You appear to argue “suffering” is incompatible with a God who desires our good (which you call our “flourishing”). Since I’m not seeing why suffering would be more legitimate now than post-mortem, this sounds like the classic problem of evil, which argues that a good God cannot exist. Most philosophers agree that it’s not a proof, because it doesn’t show that God could bring the most good without suffering. But since there is no consensus on what would make suffering worthwhile, it remains a potent argument for atheism. Is this the conclusion your reasoning supports? Or are you arguing that suffering shows that the God who exists does not value our flourishing. Or are you implying another alternative that I am missing?

Thanks Cindy for that excellent exegesis (or should I say eisegesis) of Corinthians.

Hi Midas, interesting points and points that many of us wrestle with.

IMO God is the greatest form of good. He is the greatest form of good because he is not only good, but is anti-evil. If God is anti-evil, then for evil to have any meaning, and for God to demonstrate that he is anti-evil, then evil must exist. God is completely good because out of the existence of evil, He will have victory over it.
A taste of good is often greater after an experience of evil. Take the song Amazing Grace for example. There would be no such thing as amazing grace (or grace at all) if evil did not exist! Also, Jesus said it is far a greater love to love your enemy than to love your friend (Luke 6:32). Without evil, there would be no enemies.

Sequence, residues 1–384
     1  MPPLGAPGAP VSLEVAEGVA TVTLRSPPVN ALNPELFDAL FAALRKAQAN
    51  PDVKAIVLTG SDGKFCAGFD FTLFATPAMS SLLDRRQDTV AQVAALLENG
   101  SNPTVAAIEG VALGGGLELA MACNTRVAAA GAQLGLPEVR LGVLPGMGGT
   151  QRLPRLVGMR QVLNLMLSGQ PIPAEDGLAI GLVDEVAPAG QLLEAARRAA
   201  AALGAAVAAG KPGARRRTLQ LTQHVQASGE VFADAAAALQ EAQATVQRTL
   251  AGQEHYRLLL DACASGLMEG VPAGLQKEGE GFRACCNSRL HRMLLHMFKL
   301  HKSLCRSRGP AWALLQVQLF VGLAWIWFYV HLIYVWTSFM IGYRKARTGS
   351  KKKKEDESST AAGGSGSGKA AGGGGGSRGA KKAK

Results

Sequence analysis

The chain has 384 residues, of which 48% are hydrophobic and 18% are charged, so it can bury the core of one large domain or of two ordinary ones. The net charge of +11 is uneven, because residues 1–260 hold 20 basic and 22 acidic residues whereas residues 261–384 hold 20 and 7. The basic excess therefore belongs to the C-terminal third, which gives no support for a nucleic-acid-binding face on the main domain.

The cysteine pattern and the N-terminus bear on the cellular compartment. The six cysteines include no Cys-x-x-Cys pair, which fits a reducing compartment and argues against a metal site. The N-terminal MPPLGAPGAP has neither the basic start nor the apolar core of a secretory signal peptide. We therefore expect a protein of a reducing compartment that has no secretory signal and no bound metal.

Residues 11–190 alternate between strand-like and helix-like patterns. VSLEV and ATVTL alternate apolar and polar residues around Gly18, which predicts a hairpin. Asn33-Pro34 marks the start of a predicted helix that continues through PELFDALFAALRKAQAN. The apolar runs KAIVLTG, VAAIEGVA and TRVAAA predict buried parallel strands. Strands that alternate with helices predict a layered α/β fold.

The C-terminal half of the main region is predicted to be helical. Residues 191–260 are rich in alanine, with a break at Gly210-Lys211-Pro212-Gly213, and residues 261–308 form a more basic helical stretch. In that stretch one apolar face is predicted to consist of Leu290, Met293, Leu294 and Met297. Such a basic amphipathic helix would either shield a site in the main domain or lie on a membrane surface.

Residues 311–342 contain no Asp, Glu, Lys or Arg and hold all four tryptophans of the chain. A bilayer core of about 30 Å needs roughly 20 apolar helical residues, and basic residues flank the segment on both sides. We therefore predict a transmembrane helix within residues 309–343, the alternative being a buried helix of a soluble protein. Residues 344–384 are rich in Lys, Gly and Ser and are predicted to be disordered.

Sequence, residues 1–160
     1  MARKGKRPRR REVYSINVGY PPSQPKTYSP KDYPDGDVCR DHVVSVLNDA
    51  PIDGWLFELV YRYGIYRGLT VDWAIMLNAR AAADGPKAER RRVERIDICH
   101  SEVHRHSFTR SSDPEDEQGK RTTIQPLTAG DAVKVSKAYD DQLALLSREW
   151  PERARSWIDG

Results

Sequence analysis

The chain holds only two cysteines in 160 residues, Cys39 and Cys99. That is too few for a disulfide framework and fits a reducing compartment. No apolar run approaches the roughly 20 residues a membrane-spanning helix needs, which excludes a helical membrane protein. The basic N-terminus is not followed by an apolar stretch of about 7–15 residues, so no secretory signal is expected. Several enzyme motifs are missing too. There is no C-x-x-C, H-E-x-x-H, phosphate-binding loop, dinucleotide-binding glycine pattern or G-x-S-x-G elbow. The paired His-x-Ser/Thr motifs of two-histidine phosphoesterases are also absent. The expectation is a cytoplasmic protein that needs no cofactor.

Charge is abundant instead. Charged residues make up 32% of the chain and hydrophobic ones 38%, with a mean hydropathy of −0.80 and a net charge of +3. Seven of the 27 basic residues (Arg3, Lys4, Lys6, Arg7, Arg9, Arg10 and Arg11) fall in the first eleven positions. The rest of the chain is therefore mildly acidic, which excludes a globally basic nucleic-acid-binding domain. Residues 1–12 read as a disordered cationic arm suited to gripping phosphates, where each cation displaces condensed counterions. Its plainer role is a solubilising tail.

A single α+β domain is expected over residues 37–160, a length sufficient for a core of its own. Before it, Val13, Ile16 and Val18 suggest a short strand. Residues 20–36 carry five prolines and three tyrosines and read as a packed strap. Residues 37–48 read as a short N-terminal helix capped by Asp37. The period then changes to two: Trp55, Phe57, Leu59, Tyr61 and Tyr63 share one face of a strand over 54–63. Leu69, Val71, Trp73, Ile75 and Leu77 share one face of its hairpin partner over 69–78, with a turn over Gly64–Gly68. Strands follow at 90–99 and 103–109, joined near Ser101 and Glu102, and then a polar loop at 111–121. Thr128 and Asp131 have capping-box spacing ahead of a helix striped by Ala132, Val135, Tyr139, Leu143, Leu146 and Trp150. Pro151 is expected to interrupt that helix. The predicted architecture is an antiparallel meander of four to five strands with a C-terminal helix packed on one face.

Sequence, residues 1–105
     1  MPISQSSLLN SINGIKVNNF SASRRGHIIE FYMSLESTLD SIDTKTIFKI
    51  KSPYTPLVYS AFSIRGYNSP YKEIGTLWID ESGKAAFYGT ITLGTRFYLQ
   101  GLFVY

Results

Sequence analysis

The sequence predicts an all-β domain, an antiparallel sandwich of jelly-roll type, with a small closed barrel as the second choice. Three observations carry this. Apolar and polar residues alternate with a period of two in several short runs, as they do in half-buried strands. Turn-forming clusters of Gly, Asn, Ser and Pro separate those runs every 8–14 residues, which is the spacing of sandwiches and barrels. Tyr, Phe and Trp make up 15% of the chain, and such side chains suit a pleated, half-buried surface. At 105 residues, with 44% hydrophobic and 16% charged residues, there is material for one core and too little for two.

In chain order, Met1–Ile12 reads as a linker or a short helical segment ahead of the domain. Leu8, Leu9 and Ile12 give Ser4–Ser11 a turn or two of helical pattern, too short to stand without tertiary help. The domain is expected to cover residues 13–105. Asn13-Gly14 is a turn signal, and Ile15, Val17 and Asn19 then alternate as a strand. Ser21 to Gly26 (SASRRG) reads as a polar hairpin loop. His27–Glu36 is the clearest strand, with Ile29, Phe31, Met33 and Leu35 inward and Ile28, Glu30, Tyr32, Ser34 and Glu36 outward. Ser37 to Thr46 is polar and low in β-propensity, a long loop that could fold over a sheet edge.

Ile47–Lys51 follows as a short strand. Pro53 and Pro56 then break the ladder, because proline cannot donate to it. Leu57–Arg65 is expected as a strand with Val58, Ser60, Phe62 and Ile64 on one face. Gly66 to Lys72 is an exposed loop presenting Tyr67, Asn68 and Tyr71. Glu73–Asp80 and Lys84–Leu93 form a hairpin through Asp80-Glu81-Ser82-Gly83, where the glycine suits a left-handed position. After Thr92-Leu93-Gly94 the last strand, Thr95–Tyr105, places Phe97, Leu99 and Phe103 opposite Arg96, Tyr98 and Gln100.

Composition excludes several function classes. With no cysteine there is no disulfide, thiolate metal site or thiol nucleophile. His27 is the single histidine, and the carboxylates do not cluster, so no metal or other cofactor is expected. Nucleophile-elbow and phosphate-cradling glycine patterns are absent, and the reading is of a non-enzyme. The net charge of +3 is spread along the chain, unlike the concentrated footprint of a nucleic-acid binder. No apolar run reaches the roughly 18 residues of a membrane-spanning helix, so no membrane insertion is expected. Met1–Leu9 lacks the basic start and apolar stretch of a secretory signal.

Thanks, guys. :slight_smile:

Midas- very good questions which promote thought and discussion.

Cindy- excellently stated reasons for Gods love being over and above our limited comprehension and ability to express or understand it. In reading all you said here though, i would ask again about those who don’t repent or know Jesus. Would they ultimately be saved and guided by Gods love to turn to Him?? Is there EVER any point where a person is beyond Gods reach?? Going by your recital of 1 Corinthians 13 it would appear not, but we also have the language in various parts of scripture which would seem to indicate so like Midas was saying. Does love ultimately reach a bad guy who wants to choose to remain bad??

Hi Robert!

Are you wanting more scriptures that say God will restore every person, or are you asking to have the seemingly alternative “contradictory” verses explained away, or are you asking for a philosophical exporation of whether God’s love and intended purposes through love can be thwarted by humankind?

Let me share my zombie anology again - which I shared elsewhere,

I’m a big fan of the Walking Dead on AMC, which is also a long running and popular comic book. In case you haven’t seen it, it’s a great program. And zombies are a favorite topic of professional philosophers. But it’s also a good thought experiment, for what we are talking about here. How do we deal with the zombie population in a post apocalypse world? Suppose we had a manual from a super scientific genius, on how to deal with the issue. But the writing is ambiguous on what solution to implement. Here are the solutions: